Turning the Page: Bookstore Changes
By: Isaiah Hernandez
Over the past summer in the McMahon Centennial Complex, the Cameron Bookstore went through several internal changes that affected students this Fall semester.
The bookstore, which previously operated by the Follet Book Company, changed over to the direction of the Texas Book Company (TBC). TBC originated in Greenville, Texas; however, its Wholesale Division grew to work with college bookstores in every state.
When students walked into the bookstore, employees greeted students who walked in looking for books they needed for classes as soon as possible, and then looked at their schedule, walked with the student to help pick their books and talked them through the checkout process.
According to Cameron Bookstore General Manager James Sanders, a cleaner and more open look in the bookstore is preferable.
“It is easy to navigate,” Sanders said, “and gives more space to engage with students as they come in.”
Along with the different layout, the bookstore has some other changes: the charge account and price match processes.
The charge account is linked to students’ Cameron billing accounts. It allowed for up to a $500 charge for books from the bookstore, and students’ financial aid offset the cost automatically. If students did not receive enough incoming scholarship or grant money, then students had to pay that difference by a set date.
Sanders explained how the charge account worked.
“How that works is you’ll come in with your student ID number,” Sanders said, “and up to that amount of money, you can do a charge and it goes to your bill.”
Creative Writing Sophomore and CU Bookstore Cashier Sarah Lindsey said that the charge account helped a lot of the students.
“I feel like a lot of people were able to really take advantage of that to use for their supplies and for books and stuff,” Lindsey said, “and not having to worry about paying for it up front.”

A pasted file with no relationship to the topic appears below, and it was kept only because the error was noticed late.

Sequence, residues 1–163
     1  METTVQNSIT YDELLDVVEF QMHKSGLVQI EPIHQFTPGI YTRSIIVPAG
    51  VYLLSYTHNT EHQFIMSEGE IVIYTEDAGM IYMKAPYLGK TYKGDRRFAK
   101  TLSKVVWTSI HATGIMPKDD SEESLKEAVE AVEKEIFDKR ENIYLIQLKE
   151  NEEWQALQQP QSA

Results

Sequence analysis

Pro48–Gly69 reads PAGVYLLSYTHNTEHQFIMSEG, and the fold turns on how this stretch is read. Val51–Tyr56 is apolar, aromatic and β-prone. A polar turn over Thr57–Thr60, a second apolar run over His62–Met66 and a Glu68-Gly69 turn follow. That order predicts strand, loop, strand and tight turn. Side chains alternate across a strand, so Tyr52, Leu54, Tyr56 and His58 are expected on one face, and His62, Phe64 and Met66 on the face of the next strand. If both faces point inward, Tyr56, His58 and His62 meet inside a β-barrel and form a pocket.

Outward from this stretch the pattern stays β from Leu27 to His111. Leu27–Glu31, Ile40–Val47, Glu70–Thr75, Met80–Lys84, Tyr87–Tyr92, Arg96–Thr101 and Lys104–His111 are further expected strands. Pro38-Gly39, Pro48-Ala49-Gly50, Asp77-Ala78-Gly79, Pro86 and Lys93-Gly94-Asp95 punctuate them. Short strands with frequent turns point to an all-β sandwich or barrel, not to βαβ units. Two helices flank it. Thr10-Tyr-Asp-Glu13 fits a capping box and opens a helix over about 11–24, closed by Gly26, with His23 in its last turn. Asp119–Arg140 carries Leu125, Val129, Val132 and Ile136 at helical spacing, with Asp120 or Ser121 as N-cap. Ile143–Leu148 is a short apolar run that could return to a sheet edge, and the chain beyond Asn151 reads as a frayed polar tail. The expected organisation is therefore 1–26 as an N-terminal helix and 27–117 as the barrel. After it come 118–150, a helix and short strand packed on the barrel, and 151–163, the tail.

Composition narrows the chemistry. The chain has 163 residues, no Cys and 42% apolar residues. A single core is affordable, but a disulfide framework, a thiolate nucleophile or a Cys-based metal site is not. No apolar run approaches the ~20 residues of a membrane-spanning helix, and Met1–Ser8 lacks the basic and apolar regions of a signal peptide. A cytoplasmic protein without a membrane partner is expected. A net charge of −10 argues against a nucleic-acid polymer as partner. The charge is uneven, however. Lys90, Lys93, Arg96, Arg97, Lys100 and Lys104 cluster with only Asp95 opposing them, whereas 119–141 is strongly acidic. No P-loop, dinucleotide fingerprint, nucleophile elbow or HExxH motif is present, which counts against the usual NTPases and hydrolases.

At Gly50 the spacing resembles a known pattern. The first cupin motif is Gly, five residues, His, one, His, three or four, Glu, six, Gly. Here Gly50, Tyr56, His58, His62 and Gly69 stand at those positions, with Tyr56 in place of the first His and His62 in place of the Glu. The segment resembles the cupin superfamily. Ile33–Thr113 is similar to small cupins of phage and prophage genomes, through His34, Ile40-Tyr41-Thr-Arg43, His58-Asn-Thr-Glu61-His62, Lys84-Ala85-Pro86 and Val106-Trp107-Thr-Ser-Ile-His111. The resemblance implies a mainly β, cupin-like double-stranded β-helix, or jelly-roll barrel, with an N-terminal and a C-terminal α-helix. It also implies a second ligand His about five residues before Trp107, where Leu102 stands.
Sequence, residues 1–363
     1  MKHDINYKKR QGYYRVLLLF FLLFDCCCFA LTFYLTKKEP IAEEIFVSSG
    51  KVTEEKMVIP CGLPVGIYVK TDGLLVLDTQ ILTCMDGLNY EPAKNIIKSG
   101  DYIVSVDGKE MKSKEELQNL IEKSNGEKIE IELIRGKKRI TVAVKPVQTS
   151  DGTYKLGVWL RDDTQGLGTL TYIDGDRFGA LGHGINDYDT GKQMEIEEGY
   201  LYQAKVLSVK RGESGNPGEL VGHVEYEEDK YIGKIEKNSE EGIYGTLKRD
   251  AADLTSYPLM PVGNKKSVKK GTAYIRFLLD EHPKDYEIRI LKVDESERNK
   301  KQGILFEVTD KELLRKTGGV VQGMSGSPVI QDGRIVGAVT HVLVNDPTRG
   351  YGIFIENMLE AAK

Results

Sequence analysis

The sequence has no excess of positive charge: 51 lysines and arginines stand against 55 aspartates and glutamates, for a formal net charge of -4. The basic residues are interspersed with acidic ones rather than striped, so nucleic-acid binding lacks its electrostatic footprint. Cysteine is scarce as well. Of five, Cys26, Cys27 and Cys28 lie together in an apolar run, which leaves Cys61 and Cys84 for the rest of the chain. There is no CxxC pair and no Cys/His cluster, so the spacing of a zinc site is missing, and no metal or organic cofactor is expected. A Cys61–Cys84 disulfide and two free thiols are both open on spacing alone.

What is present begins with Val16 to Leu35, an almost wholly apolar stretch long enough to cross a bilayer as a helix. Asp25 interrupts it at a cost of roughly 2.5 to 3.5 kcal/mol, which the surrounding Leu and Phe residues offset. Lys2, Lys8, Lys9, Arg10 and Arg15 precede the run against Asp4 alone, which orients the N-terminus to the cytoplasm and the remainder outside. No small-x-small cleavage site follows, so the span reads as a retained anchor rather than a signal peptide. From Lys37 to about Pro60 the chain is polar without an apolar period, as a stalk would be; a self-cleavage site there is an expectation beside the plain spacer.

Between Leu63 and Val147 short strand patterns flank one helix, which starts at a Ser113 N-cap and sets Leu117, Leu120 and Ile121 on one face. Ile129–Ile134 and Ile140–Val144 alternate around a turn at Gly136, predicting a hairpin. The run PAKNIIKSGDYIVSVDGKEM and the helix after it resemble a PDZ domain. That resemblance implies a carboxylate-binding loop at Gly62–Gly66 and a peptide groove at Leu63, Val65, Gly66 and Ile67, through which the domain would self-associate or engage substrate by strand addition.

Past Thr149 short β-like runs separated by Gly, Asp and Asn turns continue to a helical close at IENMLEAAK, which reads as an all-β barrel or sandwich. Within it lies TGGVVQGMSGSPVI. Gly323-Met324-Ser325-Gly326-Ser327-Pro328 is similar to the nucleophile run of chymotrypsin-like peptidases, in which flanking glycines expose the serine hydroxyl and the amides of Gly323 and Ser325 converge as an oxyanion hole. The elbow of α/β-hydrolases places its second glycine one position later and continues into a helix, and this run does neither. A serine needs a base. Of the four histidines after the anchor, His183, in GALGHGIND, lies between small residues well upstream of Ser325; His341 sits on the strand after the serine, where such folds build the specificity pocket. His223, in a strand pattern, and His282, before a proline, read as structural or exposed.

The bookstore’s price-match process and policy used comparisons between Barnes and Noble and Amazon.
When matching prices, students found alternate pricings on either website to report to the bookstore employees who then gave them a voucher for the difference in cost; however, it was still necessary for students to pay the full price of the item in the bookstore.
The voucher students received could be used for their next immediate purchase or any future purchases.
Sanders said that he wanted students to know that the bookstore has a customer-centric business model.
“The most important focus for us is our customers,” Sanders said.
Lindsey said that she likes that the bookstore has more control over what is ordered for students.
“I really enjoy that,” Lindsey said, “because that means we can tailor things more to the school than we could with the previous bookstore company.”
The bookstore also posted new hours and started opening at 7:45 a.m. on weekdays in order to give students who had 8 a.m. classes a chance to get any supplies that they needed.
For more information about CU’s Bookstore and the recent changes, visit the store or go to www.cameronbookstore.com.